Welcome back to TheCityFix Picks, our series highlighting the newsy and noteworthy of the past week. Each Friday, we’ll run down the headlines falling under TheCityFix’s five themes: mobility, quality of life, environment, public space, and technology and innovation.
The public bike system that launched late last year in Buenos Aires is popular and experiencing high ridership, so much so that a similar (yet significantly smaller) program has been replicated in Santa Fe province.
London’s bike sharing system, Barclays Cycle Hire, is experiencing lower than anticipated ridership numbers, according to The Economist.
Operations of the Nelson Mandela Bay Bus Rapid Transit system, which launched just before last year’s World Cup, have come to a complete stop. Talks between taxi operators, bus drivers’ unions and the municipality have yielded a stalemate, leaving 25 brand new buses sitting to gather dust.
Brazil’s proposed high-speed rail (HSR) link between Rio de Janeiro and São Paulo looks to not be in service until late 2016—missing every major event in the country that is scheduled over the next five years.
A new report that evaluated nearly 8,000 potential HSR corridors in mega-regions across the United States gives readers an insight on the most promising HSR lines. The Northeast and California show the most promise. The same report shows that Florida has plenty of money for HSR, just not the potential ridership.
Quality of Life
Those that commute across the San Francisco Bay are paying more since a toll hike on all bridges went in to effect in July. However, they are getting onto the Bay Bridge four minutes faster, and revenues increased by more than 50 percent, reports the Metropolitan Transportation Commission.
In flooded parts of Australia, public transportation will be free for a week in the wake of the recent deluge in Southeast Queensland. The free transit aims to keep unnecessary cars off the road and help people get around to shop and help others, says the region’s premier.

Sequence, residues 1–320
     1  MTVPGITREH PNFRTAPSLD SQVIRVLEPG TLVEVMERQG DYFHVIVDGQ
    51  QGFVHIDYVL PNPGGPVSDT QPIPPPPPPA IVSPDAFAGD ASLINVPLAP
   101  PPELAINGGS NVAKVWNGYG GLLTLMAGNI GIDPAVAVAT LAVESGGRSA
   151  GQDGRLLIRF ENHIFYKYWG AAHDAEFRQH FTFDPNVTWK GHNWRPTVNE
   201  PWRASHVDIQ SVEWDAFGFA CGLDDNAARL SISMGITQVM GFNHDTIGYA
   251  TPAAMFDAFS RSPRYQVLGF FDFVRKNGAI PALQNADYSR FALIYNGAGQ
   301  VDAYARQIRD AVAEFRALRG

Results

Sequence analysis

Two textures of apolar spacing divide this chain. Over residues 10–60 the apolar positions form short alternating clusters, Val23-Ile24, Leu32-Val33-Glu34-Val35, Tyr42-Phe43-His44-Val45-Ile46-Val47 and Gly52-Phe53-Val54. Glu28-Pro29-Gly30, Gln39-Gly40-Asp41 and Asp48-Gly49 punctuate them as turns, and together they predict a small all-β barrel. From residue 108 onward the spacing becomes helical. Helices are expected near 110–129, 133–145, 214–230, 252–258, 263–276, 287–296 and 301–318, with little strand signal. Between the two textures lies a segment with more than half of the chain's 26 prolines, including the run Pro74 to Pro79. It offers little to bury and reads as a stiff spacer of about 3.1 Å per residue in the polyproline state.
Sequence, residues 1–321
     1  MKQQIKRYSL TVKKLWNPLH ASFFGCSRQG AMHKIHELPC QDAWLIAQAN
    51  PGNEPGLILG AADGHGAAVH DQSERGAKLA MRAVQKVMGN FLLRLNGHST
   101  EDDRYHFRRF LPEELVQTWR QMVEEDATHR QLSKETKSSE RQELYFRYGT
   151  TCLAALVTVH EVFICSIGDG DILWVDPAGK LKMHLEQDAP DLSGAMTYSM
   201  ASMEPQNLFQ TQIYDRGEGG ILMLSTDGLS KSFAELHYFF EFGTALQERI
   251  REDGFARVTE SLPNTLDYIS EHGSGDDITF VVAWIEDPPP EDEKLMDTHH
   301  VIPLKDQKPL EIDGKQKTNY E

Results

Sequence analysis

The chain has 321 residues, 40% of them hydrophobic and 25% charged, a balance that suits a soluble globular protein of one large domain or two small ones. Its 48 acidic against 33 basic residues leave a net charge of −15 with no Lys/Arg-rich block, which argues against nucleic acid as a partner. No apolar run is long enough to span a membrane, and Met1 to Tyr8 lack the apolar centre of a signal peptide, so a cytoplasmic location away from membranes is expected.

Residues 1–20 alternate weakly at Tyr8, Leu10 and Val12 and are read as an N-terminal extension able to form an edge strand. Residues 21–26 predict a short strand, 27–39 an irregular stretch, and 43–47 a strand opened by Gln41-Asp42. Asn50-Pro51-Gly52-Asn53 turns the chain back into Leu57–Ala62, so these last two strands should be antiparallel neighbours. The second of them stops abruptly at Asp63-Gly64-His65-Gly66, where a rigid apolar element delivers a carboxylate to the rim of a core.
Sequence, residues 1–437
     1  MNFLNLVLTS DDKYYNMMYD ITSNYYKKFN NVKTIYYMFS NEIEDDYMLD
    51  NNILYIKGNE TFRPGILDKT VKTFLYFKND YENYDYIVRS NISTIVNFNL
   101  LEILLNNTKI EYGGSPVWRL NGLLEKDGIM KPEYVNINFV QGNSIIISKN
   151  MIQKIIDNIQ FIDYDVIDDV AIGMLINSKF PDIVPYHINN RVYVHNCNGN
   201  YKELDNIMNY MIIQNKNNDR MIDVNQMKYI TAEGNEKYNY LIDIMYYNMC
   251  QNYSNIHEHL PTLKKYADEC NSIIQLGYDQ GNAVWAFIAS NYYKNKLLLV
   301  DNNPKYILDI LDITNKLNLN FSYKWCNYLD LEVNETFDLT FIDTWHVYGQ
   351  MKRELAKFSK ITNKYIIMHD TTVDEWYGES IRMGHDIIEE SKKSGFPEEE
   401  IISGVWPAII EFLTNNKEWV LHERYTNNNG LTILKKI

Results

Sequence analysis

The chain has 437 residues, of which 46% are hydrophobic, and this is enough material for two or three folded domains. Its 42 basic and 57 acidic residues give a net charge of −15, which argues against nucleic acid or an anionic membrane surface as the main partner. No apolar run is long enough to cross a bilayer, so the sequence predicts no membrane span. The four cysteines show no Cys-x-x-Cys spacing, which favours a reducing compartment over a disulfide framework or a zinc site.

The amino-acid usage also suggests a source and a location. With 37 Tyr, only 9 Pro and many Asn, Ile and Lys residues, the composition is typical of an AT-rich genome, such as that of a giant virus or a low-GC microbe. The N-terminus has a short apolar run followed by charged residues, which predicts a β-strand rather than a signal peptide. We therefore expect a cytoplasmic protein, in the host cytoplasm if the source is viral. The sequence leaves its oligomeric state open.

Parking alone adds 10 percent to the carbon emissions of your average automobile. The amount of soot added to the atmosphere as a result of cars nearly doubles, which includes all the asphalt and concrete and the emissions that go along with making parking spots, writes Scientific American.
This year’s Detroit Auto Show is electrifying! The auto industry is banking on electric and alternative fuel vehicles as they look ahead.
Electric vehicle owners and auto makers may see some pocketbooks harder hit as a number of states raise electricity prices to make people use less.
Depending on where one lives in the United States, maintaining a well-charged electric vehicle may not be as fuel efficient as a traditional combustion vehicle, reports Edmunds.com.
Technology and Innovation
A new Google Transit feature will make life a bit easier for those who do not own a car. The online map service is providing expanded options for public transportation users: best route, less walking, and the fewest transfers.
Lahore and Istanbul officials hashed out an agreement to provide human resource training as a state-of-the-art bus rapid transit project is being constructed. The knowledge-sharing project seeks to reform the traffic system of the Pakistani city.
With a touch of a button, snow plow drivers in New York City will be able to alert their garage in case of getting stuck and talk to other drivers in the neighborhood, announces Mayor Michael Bloomberg of the city’s newly GPS -equipped vehicles.